harmonic lobes, the height of the system being preferably
closed loops. If these elements are open loops, the open
15 ends are preferably separated only a few tenths of a wave
less than the length of one of the loop elem-ents.
The foregoing and other objects and features of this in
length. Some of the advantages of employing these loops
vention and the manner of attaining them Will become
are that the height of a loop may be ?xed while its length
more apparent and the invention itself will be best under
may be altered considerably. Consequently, by ?xing the
stood by reference to the following description of an em
height of the loops, the frequency response of the antenna
bodiment of the invention taken in conjunction with the 20 system remains ?xed and by altering the length of the
accompanying drawings, comprising FIGS. l, 2 and 3,
loops, the percentage of fundamental modulation of the
carrier frequency radiated by element 1 may be altered
and this alteration in fundamental carrier frequency mod
producing a rotating multilobed pattern having a funda
ulation may remain constant up to high elevation angles.
25 The distance from center line 13, upon which are located
mental and ninth harmonic lobes;
FIG. 2 is a pictorial cutaway view of a simple beacon
a number of straight parasitic elements to counterpoise
antenna having minimum overall height for producing a
surface 14, is preferably ?ve-fourths of a wavelength
rotating pattern of radiation having a fundamental lobe
while the diameter of spoiler plate 6 is preferably three
and harmonic lobes; and
halves of a wavelength when the diameter of cylinder 7 is
FIG. 3 is a detailed cutaway view showing the central 30 three wavelengths.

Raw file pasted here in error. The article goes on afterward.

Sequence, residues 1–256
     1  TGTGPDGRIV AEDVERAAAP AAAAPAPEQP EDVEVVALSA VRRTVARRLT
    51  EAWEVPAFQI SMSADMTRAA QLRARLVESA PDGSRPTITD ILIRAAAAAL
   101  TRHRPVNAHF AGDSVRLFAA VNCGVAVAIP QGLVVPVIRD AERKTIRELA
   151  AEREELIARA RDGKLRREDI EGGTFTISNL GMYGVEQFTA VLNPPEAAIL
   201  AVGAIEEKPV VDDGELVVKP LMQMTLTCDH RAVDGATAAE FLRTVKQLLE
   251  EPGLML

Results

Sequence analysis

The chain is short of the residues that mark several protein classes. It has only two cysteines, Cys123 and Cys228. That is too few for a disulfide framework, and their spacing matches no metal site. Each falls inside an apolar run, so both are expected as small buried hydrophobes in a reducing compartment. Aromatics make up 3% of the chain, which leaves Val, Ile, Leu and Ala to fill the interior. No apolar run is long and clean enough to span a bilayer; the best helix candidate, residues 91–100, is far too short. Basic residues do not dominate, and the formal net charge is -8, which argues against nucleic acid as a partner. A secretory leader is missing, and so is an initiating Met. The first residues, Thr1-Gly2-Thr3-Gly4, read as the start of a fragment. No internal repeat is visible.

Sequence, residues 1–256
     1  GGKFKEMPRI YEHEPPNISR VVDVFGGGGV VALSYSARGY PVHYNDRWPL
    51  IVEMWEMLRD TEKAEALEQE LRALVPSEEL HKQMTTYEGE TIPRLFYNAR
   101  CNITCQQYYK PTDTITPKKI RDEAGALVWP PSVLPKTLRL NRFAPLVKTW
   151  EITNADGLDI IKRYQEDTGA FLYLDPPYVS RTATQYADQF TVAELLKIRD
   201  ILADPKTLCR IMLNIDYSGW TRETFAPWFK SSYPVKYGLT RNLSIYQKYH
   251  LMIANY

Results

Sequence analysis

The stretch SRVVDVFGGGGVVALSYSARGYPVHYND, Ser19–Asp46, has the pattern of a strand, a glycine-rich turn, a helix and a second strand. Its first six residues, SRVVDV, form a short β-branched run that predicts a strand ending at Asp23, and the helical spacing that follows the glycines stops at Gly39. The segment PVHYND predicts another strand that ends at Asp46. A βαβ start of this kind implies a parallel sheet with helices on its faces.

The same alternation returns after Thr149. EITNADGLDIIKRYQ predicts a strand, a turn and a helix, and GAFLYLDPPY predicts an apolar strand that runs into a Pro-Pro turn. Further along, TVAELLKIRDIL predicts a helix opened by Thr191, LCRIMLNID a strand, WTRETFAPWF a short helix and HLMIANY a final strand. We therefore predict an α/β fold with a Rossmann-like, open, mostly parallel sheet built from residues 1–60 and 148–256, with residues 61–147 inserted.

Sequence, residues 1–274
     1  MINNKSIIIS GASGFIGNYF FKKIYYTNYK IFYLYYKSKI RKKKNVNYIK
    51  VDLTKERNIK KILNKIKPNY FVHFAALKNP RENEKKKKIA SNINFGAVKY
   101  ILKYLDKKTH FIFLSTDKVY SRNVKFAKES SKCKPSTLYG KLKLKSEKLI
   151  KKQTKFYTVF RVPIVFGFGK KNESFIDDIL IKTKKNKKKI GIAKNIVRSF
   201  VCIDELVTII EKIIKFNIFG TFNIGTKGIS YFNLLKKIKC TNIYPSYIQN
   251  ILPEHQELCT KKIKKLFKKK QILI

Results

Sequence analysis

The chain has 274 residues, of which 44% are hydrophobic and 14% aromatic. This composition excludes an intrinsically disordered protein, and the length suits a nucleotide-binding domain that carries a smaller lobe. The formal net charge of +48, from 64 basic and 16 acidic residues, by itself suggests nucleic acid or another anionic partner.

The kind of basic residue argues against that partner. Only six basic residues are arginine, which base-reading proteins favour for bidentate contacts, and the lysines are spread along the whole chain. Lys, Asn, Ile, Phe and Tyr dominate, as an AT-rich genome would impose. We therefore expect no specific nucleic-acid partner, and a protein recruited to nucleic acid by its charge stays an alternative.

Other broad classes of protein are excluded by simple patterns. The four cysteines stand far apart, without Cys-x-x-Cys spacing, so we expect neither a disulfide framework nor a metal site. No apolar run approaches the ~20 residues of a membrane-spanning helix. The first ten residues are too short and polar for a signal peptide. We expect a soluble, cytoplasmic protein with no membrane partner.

radiator and disposition of lobe parasitic elements of the
Turning next to FIG. 2 there is shown another embodi
antenna system shown in FIG. 1.
ment of this invention depicting a beacon antenna having
Turning ?rst to FIG. 1 there is shown the top of a cen
an overall height of approximately one wavelength, and
tral vertically polarized radiator 1. This central radiator
consisting of a vertically polarized radiator 21 coupled to
is shown in more metail in FIG. 3 and is preferably con 35 the central element 22 of coaxial transmission line 23.
structed and energized, as described in Patent No. 2,762,
The outer element 24 of coaxial line 23 is coupled by
045 of G. Stavis et al., ?led October 8, 1952. Concentric
some suitable means to conductive plate 25, which acts as
with this central radiator is a dielectric cylinder 2 for sup
a counterpoise surface for the system. Disposed concen
porting conductive loops 3 and 4 and 5, as well as conduc
tric with element 21 and supported by plate 25 are di
tive spoiler plate 6. These conductive loops serve as
electric cylinders 26 and 27. Cylinder 26 serves to sup
parasitic elements altering the directivity of radiation from
port V-shaped parasitic element 28 while cylinder 27 sup
central radiator 1. A second dielectric cylinder 7 also
ports a number of loop parasitic elements., such as ele
FIG. l is a pictorial cutaway view of a beacon antenna
concentric With central radiator 1 serves to support other
ment 29. Motor 30 drives plate 25 in rotation about cen
parasitic elements such as straight elements 8, 9 and 10.
tral radiator 21 through suitable mechanical coupling
As shown in the ?gure, straight elements 8, 9 and 10 are 45 consisting of, for example, gear box 31 and gears 32 cou
each orientated in cylinder 7 on different center lines
pled to an extension of plate 25.
circumferentíal with cylinder 7. These different center
A beacon antenna, such as shown in FIG. 2, has a pre
lines are lines 11, 12 and 13, respectively. Numerous
ferred overall height of one wavelength or less with a
other straight parasitic elements, such as for example, 50 diameter of approximately three wavelengths. Such an
antenna is most useful where space and weight of antenna
eight other elements are also located on these center lines.
structure must be minimized, such as in certain Vehicles
The preferred orientation of the center lines 11, 12 and
like a submarine or aircraft. Here again, the loop para